I’m sure you’re
all eagerly awaiting the conclusion of the story, where I write out the full
equation for the wave function of proto-helium, that mythical atom consisting
of two electrons and a fractional nuclear charge, which is just marginally
stable with regard to loss of the second electron. At the same time, I can
almost hear the naysayers scoffing at me, because I’ve heard it before: “So

*what*!! Who cares if you can calculate the wave function of an atom that doesn’t even exist. Don’t you know there is no such thing as nine-tenths of a proton?”
I know that’s
what people are saying because people have said that kind of thing to me all my
life. Well, I’m going to give the scoffers more ammunition today because I’m
not going to write out any more mathematical equations than I’ve already
written. The fact is, I don’t know what the radial portion of the function
looks like because I haven’t actually solved for it: to which I’m sure the
scoffers will howl out gleefully: “Then you have

*nothing*!!!”. Well, let my readers be the judge of that. I have the angular part of the function, which I think is still more than nothing. The question is: have I got it right?
When I solved
for the two-electron potential well, I did it by taking the simple product
function solution and adding a bit of second harmonic. I added it with opposite
phases to electrons A and B, which had the net effect of pushing the charge
distributions a little bit apart. This was the graph of the two wave functions:

All this
overhead is what makes the helium atom so very difficult. The one-dimensional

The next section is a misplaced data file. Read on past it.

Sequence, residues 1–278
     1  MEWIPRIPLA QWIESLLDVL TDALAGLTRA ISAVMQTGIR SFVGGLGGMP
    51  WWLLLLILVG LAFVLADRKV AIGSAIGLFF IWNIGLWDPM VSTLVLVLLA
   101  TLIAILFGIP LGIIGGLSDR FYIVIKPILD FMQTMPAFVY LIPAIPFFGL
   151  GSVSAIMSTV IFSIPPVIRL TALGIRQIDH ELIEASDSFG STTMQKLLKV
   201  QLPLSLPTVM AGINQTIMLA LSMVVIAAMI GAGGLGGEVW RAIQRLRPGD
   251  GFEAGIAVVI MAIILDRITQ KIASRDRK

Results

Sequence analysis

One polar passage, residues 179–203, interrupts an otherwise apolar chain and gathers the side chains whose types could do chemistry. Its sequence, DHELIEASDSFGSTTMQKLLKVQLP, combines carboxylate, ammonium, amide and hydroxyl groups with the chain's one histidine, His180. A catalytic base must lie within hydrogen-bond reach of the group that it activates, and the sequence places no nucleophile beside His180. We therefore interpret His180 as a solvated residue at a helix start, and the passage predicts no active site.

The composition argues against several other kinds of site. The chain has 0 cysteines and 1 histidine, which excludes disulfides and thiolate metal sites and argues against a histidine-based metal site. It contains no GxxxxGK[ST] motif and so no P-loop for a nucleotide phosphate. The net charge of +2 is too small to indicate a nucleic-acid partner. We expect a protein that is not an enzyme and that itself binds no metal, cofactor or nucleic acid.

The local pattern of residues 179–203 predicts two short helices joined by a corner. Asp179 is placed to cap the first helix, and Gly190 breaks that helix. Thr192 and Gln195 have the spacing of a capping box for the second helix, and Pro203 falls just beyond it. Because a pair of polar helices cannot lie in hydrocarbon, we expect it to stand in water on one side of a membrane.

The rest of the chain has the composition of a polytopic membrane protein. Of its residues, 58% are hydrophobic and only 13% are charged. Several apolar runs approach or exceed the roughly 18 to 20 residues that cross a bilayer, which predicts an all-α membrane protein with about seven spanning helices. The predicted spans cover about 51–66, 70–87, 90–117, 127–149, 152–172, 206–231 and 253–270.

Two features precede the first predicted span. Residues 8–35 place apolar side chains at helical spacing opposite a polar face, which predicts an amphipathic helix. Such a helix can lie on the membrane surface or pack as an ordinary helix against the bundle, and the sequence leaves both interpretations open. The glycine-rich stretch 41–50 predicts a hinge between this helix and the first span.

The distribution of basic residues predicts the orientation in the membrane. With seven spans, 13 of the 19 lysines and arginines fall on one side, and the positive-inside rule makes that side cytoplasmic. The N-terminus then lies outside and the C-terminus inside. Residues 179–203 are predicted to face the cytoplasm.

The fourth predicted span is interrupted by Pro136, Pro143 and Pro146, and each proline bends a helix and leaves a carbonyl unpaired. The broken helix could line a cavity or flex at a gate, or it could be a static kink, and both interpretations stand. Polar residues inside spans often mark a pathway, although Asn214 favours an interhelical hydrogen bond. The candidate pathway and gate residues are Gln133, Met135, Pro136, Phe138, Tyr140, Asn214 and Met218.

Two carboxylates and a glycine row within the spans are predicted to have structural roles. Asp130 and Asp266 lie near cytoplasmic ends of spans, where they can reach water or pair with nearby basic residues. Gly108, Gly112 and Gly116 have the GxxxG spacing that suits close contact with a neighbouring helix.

two-electron well must ultimately be solved in two-dimensional phase space; and
as I have written it out above, it may be most simply expressed as the sum of no less than four
simple product functions. My proto-helium atom will be very similar: the full
solution must exist in six-dimensional phase space, but in can be most simply
expressed as the sum of four simple product functions in ordinary
three-dimensional space. Of course, every wave function in 3-d space can
ultimately be expressed as the sum of simple product functions, but how many
functions does it take? I don’t know how to do it for helium, and I suspect it
might not be so simple. That’s why it’s so useful to work with the limiting
cases, such as proto-helium.

The nice thing
about simple product functions is that they retain a certain degree of physical
reality that gets lost when we make the transition into
six-dimensional phase space. If we look back at the one-dimensional potential
well, we can see that all the real physics, from a descriptive point of view,
takes place in the very first iteration of the solution, when we simply allowed
the two charges to push each other a little bit apart. Proto-helium is very
much the same: we have regular helium, where the electrons are almost on top of
each other; and as we weaken the central attraction of the nucleus, the charges
tend to move apart, until in the limiting case, their angular distribution follows this marvelous function which I would like to name after myself:
but since there is already a Green’s Function, I’m going to call this one “Marty’s
Function”:

In proto-helium, the angular distribtuion of the first electron is given by this function, and the second electron gets the same function except turned upside down. So one electron leans towards the northern hemisphere, the other one towards the southern. You then just take the simple product of those two functions. The marvellous thing is that if you carefully examine the distribution of charge and spin, you get a perfectly uniform charge distribution over the surface of the sphere, and the spin vector points everywhere radially outwards. So the function is spherically symmetric.But we're not done yet. Just like the two-electron well, we haven't properly symmetrized the function with respect to exchange of electrons. And just like the two-electron well, the full solution will be the sum of four simple-product functions identical to the one we've already described, except with spins this way and that. But the essential physics is to be found in the description we've already made so far.

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